Neonatal Fc receptor

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Fc fragment of IgG, receptor, transporter, alpha
Other data
LocusChr. 19 q13.3
File:FcRn-mediated IgG Recycling.png
Proteins from the bloodstream are pinocytosed into epithelial cells. IgG and serum albumin is bound by the FcRn in the acidic environment of the endosome and is recycled back into the bloodstream where it is released at physiological pH. Other proteins are degraded in lysosomes.

The neonatal Fc receptor (FcRn), also known as the Brambell receptor, is a protein that in humans is encoded by the FCGRT gene.[1][2]

The neonatal Fc receptor is an Fc receptor which is similar in structure to the MHC class I molecule and also associates with beta-2-microglobulin.[3] It was first discovered in rodents as a unique receptor capable of transporting IgG from mother's milk across the epithelium of newborn rodent's gut into the newborn's bloodstream.[4] Further studies revealed a similar receptor in humans, leading to the naming as a neonatal Fc receptor. In humans, however, it is found in the placenta to help facilitate transport of mother's IgG to the growing fetus. It has also been shown to play a role in monitoring IgG and serum albumin turnover.[3][5] Neonatal Fc receptor expression is up-regulated by the proinflammatory cytokine, TNF-α, and down-regulated by IFN-γ.[6]

Transcytosis of IgG

FcRn helps transport IgG from suckled milk in the gut to the bloodstream. FcRn-mediated transcytosis of IgG across epithelial cells is possible because FcRn binds IgG at acidic pH (<6.5) but not at neutral or higher pH. Therefore, FcRn can bind IgG from the slightly acidic intestinal lumen and ensure efficient, unidirectional transport to the basolateral side where the pH is neutral to slightly basic.[6]

Recycling of IgG and serum albumin

FcRn extends the half-life of IgG and serum albumin by reducing lysosomal degradation in endothelial cells[7] and bone-marrow derived cells.[8] IgG, serum albumin and other serum proteins are continuously internalized through pinocytosis. Generally, serum proteins are transported from the endosomes to the lysosome, where they are degraded. The two most abundant serum proteins, IgG and serum albumin are bound by FcRn at the slightly acidic pH (<6.5), and recycled to the cell surface where they are released at the neutral pH (>7.0) of blood. In this way IgG and serum albumin avoids lysosomal degradation. This mechanism provides an explanation for the greater serum circulation half-life of IgG and serum albumin.[9][10]

Role in various organs

FcRn is expressed on antigen-presenting leukocytes like dendritic cells and is also expressed in neutrophils to help clear opsonized bacteria.[6] In the kidneys, FcRn is expressed on epithelial cells called podocytes to prevent IgG and albumin from clogging the glomerular filtration barrier.[11][12] Current studies are investigating FcRn in the liver because there are relatively low concentrations of both IgG and albumin in liver bile despite high concentrations in the blood.[13] Studies have shown that FcRn-mediated transcytosis is involved with the trafficking of the HIV-1 virus across genital tract epithelium.[14]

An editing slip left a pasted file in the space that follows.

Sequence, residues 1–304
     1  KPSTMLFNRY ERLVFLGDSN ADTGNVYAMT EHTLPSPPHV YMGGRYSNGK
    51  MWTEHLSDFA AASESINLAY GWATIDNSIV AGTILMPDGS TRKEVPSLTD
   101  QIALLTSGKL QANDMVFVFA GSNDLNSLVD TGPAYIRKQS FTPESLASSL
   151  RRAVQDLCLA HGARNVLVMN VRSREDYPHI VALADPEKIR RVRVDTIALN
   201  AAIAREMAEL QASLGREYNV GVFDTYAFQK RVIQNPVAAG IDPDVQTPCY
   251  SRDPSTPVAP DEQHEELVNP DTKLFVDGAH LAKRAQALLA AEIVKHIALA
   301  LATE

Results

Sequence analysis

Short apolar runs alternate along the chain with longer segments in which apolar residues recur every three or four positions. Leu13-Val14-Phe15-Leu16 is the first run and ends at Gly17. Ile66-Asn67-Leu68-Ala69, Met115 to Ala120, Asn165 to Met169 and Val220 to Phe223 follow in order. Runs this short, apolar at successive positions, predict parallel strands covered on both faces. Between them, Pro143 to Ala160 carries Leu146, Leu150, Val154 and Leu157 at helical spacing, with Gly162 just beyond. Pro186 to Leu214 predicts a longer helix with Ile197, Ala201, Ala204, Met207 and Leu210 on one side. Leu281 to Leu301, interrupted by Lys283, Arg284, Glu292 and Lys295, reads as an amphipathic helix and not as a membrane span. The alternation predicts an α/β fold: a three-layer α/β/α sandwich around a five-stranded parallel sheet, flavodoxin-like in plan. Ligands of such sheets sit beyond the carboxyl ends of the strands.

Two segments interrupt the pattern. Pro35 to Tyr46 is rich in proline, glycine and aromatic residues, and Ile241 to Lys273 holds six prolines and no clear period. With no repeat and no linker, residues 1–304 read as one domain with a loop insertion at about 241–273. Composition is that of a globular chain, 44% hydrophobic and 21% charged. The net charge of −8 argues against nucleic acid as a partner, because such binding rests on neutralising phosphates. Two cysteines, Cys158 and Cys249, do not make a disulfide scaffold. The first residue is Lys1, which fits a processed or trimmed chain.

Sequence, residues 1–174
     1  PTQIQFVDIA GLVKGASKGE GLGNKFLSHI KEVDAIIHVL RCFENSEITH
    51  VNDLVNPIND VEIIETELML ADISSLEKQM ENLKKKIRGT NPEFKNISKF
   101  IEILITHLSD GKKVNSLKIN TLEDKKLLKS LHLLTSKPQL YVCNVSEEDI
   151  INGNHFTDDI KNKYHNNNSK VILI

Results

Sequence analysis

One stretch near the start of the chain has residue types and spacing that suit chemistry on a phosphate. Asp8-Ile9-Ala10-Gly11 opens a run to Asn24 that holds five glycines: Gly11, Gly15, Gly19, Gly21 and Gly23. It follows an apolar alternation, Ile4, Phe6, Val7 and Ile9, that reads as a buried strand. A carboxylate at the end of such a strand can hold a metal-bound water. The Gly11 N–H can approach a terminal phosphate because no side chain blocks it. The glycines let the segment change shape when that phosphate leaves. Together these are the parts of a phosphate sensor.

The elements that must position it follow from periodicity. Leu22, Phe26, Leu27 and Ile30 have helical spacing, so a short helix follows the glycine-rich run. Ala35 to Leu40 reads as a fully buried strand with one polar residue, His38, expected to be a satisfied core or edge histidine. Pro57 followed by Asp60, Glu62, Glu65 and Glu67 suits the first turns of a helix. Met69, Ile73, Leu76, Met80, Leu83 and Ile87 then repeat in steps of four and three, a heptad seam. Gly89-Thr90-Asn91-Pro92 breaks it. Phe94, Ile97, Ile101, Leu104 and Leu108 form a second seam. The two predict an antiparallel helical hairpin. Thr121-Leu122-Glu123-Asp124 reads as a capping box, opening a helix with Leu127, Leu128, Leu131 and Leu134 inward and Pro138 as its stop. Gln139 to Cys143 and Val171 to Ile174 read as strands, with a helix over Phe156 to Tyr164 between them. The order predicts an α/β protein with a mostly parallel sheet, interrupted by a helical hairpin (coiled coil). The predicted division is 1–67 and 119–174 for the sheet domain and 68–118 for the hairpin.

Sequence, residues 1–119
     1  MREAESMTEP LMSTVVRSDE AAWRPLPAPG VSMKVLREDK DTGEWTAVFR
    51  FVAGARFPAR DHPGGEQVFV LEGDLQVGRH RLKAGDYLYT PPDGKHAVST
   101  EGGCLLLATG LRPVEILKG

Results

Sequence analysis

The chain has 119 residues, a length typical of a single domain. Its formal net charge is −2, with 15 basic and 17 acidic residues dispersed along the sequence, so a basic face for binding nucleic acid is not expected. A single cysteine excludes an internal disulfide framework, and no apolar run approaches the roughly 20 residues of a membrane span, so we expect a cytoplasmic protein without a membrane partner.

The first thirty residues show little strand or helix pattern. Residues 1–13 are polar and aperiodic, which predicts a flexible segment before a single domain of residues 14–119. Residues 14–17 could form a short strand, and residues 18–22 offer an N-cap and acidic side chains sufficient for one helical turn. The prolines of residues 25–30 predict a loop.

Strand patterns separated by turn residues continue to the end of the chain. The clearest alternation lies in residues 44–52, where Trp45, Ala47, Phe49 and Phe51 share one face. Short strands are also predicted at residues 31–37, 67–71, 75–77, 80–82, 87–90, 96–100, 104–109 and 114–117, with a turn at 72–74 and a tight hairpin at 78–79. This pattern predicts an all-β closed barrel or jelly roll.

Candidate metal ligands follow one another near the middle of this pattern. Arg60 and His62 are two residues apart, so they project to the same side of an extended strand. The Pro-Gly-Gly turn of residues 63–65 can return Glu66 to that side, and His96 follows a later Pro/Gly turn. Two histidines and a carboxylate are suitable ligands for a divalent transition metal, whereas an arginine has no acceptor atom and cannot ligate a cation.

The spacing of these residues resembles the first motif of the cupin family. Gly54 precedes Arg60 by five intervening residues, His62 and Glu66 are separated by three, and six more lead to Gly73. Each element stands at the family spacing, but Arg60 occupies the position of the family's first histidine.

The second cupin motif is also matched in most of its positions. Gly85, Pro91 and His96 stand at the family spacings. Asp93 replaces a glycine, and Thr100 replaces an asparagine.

Half-life extension of therapeutic proteins

It has been shown that conjugation of some drugs to the Fc domain of IgG or serum albumin significantly increases their half-life.[15][16]

There are several drugs on the market that have Fc portions fused to the effector proteins in order to increase their half-lives through FcRn. They include: Amevive (alefacept), Arcalyst (rilonacept), Enbrel (etanercept), Nplate (romiplostim), Orencia (abatacept) and Nulojix (belatacept)[citation needed]. Enbrel (etanercept) was the first successful IgG Fc-linked soluble receptor therapeutic and works by binding and neutralizing the pro-inflammatory cytokine, TNF-α.[17]

Therapeutic potential

Several autoimmune disorders are caused by the reaction of IgG to self antigens. Since FcRn extends IgG half-life in the circulation, it can also extend the half-life of these pathogenic antibodies and promote autoimmune disease.[18] New therapies seek to disrupt the IgG-FcRn interaction to increase the clearance of disease-causing IgG autoantibodies from the body. One such therapy is the infusion of intravenous immunoglobulin (IVIg) to saturate FcRn's IgG recycling capacity and proportionately reduce the levels of disease-causing IgG autoantibody binding to FcRn, thereby increasing disease-causing IgG autoantibody removal.[19][20] This strategy of blocking the binding of autoantibodies to FcRn by injecting higher affinity antibodies can help prevent inflammation in response to self antigen.[21]


  1. Story CM, Mikulska JE, Simister NE (December 1994). "A major histocompatibility complex class I-like Fc receptor cloned from human placenta: possible role in transfer of immunoglobulin G from mother to fetus". The Journal of Experimental Medicine. 180 (6): 2377–81. doi:10.1084/jem.180.6.2377. PMC 2191771. PMID 7964511.